S is for Sloth
This little guy is a pygmy sloth. These are the smallest (and cutest?) species of three-fingered sloth and can only be found on a remote, uninhabited island off the coast of Panama. They were only identified as a new species in 2001.
They are thought to be approximately 40% smaller than their mainland counterparts and although the population size remains unknown, these little sloths are considered to be one of the most critically endangered mammals in the world. They average around 3 Kg in weight and are approximately 24 inches long, looking very similar to the brown-throated sloth.
All sloths are built for life in the treetops. They spend nearly all of their time aloft, hanging from branches with a powerful grip aided by their long claws. Sloths even sleep in trees, and they sleep a lot—some 15 to 20 hours every day. Even when awake they often remain motionless. At night they eat leaves, shoots, and fruit from the trees and get almost all of their water from juicy plants.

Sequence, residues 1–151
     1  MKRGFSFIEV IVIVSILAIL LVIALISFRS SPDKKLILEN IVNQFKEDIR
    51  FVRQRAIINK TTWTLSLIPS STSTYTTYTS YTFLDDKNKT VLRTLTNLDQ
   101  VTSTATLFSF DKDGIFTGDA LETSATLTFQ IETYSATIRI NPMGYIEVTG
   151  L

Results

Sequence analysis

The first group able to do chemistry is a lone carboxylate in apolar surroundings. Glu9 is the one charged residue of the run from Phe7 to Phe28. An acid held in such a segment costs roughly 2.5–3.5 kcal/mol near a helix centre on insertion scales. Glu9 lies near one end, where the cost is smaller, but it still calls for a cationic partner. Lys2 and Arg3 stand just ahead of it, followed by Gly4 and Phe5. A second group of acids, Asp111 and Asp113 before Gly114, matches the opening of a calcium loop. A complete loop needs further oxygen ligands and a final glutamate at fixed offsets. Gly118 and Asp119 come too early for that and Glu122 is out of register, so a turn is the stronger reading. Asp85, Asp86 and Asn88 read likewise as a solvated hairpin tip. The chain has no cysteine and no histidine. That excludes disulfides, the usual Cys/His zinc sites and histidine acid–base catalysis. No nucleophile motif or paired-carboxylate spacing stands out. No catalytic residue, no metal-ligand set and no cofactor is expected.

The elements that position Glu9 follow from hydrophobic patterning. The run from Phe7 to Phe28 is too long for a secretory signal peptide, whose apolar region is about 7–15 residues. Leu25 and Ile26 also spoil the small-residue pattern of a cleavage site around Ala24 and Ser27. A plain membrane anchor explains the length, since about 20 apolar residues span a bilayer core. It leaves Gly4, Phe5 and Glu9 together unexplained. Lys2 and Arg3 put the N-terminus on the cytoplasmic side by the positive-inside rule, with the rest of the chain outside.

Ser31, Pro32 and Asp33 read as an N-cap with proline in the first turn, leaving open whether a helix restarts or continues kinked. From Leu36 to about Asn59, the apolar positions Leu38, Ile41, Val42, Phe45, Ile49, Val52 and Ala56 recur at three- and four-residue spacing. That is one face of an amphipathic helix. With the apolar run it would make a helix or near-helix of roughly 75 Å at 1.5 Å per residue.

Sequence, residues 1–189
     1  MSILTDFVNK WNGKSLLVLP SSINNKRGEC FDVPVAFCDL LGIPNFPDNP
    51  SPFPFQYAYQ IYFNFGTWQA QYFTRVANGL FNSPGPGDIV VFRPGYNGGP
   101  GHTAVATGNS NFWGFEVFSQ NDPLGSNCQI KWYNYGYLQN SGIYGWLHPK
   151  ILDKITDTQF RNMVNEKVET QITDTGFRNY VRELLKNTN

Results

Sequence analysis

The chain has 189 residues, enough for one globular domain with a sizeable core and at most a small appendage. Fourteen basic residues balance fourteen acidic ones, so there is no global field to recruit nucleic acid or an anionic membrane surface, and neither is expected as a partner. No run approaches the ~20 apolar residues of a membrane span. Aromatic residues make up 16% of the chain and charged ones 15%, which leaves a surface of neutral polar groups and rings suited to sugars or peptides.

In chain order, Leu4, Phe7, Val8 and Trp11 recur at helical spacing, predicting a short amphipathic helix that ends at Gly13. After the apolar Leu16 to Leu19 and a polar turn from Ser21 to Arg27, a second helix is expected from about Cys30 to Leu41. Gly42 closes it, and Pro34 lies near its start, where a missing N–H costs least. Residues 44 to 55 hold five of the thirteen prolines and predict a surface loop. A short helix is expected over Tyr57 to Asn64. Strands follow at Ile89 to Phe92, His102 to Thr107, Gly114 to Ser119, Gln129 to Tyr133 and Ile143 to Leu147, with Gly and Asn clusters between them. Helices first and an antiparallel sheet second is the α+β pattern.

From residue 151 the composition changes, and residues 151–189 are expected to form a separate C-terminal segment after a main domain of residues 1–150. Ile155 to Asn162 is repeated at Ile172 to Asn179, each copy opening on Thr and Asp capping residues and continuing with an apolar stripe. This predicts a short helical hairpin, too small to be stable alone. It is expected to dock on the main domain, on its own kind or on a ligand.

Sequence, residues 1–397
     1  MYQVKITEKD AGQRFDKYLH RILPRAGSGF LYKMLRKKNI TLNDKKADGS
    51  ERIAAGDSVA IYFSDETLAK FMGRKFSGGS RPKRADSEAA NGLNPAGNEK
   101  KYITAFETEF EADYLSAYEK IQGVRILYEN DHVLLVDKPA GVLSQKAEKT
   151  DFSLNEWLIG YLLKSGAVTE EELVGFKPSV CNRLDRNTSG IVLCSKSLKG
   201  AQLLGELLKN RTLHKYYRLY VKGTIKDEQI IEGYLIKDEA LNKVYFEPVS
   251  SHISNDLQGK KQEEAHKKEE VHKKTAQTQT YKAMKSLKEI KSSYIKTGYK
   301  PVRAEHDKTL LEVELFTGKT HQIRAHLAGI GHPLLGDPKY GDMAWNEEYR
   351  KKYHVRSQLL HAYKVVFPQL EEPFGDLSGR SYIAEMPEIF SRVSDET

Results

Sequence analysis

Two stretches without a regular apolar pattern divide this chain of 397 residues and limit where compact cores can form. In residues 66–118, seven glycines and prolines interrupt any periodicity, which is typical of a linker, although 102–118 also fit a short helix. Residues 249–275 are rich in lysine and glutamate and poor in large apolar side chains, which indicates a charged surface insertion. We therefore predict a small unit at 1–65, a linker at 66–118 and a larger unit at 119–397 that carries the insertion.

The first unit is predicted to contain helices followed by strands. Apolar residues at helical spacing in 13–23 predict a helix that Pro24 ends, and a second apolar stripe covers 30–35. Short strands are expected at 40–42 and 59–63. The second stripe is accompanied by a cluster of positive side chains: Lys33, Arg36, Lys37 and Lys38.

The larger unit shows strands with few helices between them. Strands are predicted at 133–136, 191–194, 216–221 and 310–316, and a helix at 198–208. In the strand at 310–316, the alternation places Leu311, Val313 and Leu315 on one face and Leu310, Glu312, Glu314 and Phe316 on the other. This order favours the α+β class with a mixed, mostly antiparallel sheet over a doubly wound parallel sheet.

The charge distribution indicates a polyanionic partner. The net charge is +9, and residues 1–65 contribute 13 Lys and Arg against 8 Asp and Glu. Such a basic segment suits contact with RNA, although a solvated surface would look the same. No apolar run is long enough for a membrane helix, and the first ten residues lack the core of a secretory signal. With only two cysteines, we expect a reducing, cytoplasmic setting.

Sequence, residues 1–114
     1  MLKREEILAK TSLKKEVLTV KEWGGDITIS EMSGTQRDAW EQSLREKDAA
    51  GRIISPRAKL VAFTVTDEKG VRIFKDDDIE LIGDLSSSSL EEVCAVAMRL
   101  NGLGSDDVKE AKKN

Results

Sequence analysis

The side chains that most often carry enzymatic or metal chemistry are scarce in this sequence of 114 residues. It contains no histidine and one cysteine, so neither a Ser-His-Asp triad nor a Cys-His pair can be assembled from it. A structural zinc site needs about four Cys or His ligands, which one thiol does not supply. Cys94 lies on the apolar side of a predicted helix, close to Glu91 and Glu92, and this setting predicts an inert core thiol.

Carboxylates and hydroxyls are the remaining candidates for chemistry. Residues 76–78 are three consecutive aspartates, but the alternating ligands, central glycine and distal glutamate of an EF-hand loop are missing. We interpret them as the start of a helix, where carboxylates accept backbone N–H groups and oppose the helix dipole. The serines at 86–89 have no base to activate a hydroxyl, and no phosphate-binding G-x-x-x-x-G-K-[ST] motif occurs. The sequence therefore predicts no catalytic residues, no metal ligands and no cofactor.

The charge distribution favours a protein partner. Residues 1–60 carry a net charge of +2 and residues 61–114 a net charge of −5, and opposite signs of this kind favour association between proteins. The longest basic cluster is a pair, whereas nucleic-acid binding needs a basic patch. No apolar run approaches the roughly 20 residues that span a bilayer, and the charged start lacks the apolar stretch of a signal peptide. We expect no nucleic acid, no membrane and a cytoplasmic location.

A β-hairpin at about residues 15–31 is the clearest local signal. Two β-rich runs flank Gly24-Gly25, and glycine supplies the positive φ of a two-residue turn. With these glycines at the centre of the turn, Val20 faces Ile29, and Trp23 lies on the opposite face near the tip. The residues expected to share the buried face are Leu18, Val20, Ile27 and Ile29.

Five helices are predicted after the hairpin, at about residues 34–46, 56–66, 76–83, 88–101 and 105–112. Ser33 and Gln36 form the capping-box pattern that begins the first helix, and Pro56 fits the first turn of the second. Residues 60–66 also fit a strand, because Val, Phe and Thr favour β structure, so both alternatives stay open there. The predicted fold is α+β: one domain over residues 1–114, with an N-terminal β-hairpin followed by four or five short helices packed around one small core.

On land, sloths' weak hind legs provide no power and their long claws are a hindrance. They must dig into the earth with their front claws and use their strong front legs to pull themselves along, dragging their bellies across the ground. If caught on land, these animals have no chance to evade predators, such as big cats, and must try to defend themselves by clawing and biting.
Though they couldn't be clumsier on land, sloths are surprisingly good swimmers. They sometimes fall directly from rain forest trees into rivers and stroke efficiently with their long arms.
The health of sloth populations is wholly dependent on the health of tropical rain forests but tropical rain forests are at risk of deforestation. Without an abundance of trees, sloths will lose their shelter and food source.